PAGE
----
If you enjoyed this commentary, please sign up for Timeless Wisdom in addition to this newsletter and I'll send you a couple of more items a week.

About this week's image: Goya depicted the story of god Saturn (the Titan Cronus in Greek mythology) eating his children upon their birth, as he feared he would be overthrown by them. His wife Ops eventually hid his third son, Jupiter, on the island of Crete, deceiving Saturn by offering a stone wrapped in swaddling in his place. Jupiter eventually supplanted his father just as the prophecy had predicted.

Artificial Intelligence / Autonomous

The latest in AI, machine learning, and bots; mobility and autonomous everything.
Aʀᴛɪꜰɪᴄɪᴀʟ Iɴᴛᴇʟʟɪɢᴇɴᴄᴇ / Mᴀᴄʜɪɴᴇ Lᴇᴀʀɴɪɴɢ
  • Experts say the rise of artificial intelligence will make most people better off over the next decade, but many have concerns about how advances in A.I. will affect what it means to be human, to be productive and to exercise free will. (Pew Research Center)
  • A look Five Standards for Responsible A.I. Use through the eyes of CEOs in industries that will be affected by it. (strategy+business) Ultimately, this is an exercise in many areas beyond the technology; namely, ethics, operations, risk management and more.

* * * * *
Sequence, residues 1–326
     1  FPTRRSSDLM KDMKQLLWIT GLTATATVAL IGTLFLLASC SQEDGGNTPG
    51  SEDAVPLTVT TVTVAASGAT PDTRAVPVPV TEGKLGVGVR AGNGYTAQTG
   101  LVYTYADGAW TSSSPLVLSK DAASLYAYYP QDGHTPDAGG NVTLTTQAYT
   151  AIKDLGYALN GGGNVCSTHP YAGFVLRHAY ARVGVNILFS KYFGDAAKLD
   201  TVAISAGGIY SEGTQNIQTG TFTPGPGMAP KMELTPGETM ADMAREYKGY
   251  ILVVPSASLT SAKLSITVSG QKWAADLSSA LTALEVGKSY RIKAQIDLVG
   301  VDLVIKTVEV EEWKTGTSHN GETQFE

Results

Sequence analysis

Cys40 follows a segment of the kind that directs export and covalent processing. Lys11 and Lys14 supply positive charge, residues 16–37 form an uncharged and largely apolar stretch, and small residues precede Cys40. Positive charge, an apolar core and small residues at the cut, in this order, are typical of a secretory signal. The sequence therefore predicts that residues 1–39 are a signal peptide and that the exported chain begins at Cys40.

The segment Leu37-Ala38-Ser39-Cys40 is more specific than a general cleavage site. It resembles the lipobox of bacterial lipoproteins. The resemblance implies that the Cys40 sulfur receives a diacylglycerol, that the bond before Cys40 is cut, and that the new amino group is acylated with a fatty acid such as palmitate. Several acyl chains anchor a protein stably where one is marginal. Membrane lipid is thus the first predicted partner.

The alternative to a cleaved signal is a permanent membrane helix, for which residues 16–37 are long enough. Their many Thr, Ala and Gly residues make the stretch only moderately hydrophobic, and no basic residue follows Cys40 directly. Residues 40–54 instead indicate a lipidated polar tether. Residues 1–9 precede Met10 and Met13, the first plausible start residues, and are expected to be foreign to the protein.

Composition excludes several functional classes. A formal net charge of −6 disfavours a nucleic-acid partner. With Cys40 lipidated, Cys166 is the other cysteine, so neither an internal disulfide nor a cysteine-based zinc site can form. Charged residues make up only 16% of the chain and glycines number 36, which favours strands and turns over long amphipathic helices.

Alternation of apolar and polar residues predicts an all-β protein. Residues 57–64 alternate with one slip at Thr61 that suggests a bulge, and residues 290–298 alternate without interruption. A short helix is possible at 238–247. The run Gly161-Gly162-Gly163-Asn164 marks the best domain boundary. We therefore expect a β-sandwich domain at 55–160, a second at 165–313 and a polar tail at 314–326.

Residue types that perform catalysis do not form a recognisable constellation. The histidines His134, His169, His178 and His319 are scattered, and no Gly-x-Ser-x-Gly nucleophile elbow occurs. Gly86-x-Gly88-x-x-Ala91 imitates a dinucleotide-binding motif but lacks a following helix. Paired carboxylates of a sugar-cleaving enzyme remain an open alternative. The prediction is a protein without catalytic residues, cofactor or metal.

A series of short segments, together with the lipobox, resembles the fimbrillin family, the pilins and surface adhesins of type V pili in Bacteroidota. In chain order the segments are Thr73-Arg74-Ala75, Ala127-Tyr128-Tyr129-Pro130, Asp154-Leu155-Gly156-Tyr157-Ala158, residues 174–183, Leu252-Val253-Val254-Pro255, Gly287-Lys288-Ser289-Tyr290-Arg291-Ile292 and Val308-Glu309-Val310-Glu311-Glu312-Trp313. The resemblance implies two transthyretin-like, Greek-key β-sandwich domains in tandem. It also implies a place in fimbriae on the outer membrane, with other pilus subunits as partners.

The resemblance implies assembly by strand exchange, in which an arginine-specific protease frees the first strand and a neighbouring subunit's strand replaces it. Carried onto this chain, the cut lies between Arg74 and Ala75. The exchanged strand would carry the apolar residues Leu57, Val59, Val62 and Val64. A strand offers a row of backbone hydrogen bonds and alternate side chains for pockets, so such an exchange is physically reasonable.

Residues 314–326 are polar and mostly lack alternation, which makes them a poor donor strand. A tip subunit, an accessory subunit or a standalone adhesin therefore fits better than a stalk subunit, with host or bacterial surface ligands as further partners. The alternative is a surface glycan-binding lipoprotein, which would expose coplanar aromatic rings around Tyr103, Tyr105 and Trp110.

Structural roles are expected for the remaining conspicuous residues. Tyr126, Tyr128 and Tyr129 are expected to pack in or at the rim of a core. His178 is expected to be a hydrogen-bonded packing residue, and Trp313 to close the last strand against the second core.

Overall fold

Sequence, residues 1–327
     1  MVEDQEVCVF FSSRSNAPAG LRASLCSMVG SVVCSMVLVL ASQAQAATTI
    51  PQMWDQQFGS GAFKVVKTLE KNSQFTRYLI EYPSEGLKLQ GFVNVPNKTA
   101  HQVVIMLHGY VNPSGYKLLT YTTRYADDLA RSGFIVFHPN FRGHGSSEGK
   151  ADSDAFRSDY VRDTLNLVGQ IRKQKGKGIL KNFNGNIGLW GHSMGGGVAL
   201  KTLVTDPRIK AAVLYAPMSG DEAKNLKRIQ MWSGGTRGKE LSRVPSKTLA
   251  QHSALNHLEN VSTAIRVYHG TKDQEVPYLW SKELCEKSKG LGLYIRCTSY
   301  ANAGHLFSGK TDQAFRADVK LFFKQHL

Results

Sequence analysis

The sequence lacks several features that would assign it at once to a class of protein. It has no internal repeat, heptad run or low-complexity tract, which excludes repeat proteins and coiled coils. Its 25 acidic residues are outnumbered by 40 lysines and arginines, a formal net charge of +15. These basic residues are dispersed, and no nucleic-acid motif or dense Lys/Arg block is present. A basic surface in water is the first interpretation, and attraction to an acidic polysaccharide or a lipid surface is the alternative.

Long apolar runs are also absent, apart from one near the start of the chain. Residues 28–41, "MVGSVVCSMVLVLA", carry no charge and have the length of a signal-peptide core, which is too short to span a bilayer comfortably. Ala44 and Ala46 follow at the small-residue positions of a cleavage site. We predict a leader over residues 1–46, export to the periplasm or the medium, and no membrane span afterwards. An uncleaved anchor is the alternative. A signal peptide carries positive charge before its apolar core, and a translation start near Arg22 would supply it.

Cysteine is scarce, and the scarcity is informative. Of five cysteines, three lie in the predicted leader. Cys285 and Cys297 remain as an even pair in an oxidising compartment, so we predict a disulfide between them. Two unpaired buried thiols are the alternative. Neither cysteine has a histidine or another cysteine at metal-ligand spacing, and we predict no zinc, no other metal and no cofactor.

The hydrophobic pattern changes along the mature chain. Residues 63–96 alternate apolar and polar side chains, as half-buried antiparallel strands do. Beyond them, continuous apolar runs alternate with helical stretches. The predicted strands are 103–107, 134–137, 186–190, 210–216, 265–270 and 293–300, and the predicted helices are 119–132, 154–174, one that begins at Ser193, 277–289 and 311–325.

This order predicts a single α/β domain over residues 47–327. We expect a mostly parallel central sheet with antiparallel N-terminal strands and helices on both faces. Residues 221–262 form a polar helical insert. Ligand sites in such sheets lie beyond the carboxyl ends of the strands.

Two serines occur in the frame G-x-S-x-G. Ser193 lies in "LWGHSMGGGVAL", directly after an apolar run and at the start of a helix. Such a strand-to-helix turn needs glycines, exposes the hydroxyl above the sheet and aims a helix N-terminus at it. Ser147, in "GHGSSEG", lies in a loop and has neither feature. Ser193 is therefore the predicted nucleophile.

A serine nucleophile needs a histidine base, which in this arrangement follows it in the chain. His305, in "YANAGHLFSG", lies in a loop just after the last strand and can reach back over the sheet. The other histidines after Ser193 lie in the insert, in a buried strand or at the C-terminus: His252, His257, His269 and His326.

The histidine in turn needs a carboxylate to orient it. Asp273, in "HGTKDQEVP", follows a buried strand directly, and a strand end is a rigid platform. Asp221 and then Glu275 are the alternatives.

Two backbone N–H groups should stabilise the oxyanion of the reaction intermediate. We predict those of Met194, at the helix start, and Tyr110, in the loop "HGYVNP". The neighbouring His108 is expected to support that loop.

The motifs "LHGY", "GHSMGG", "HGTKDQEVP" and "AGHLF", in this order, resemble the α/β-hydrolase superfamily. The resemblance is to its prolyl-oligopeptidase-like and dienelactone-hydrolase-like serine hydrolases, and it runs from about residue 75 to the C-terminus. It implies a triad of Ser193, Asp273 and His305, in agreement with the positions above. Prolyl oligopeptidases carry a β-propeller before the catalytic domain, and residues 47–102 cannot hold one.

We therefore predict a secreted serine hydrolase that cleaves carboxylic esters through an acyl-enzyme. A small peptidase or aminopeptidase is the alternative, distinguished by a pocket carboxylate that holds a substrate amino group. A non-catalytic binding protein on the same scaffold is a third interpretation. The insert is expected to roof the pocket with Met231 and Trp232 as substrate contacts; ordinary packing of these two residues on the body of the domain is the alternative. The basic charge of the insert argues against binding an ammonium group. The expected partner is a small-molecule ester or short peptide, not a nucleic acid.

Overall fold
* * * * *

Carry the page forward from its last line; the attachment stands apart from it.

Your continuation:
• A smartphone that detects your sadness? A car that knows when you’re tired? Experts in "affective A.I." are building emotionally intelligent technology. (Wall Street Journal) Quite a feat when there are humans that have a hard time with even emotionally intelligence.
  • We're on the cusp of widespread facial recognition. But tech companies know that implementing it comes with a wide array of toxicity. (Venture Beat)
Aᴜᴛᴏɴᴏᴍᴏᴜs / Mᴏʙɪʟɪᴛʏ

Communications / Marketing / Business Strategy

Industry developments and trends, including advertising & marketing, journalism, customer experience, content, and influencer relations.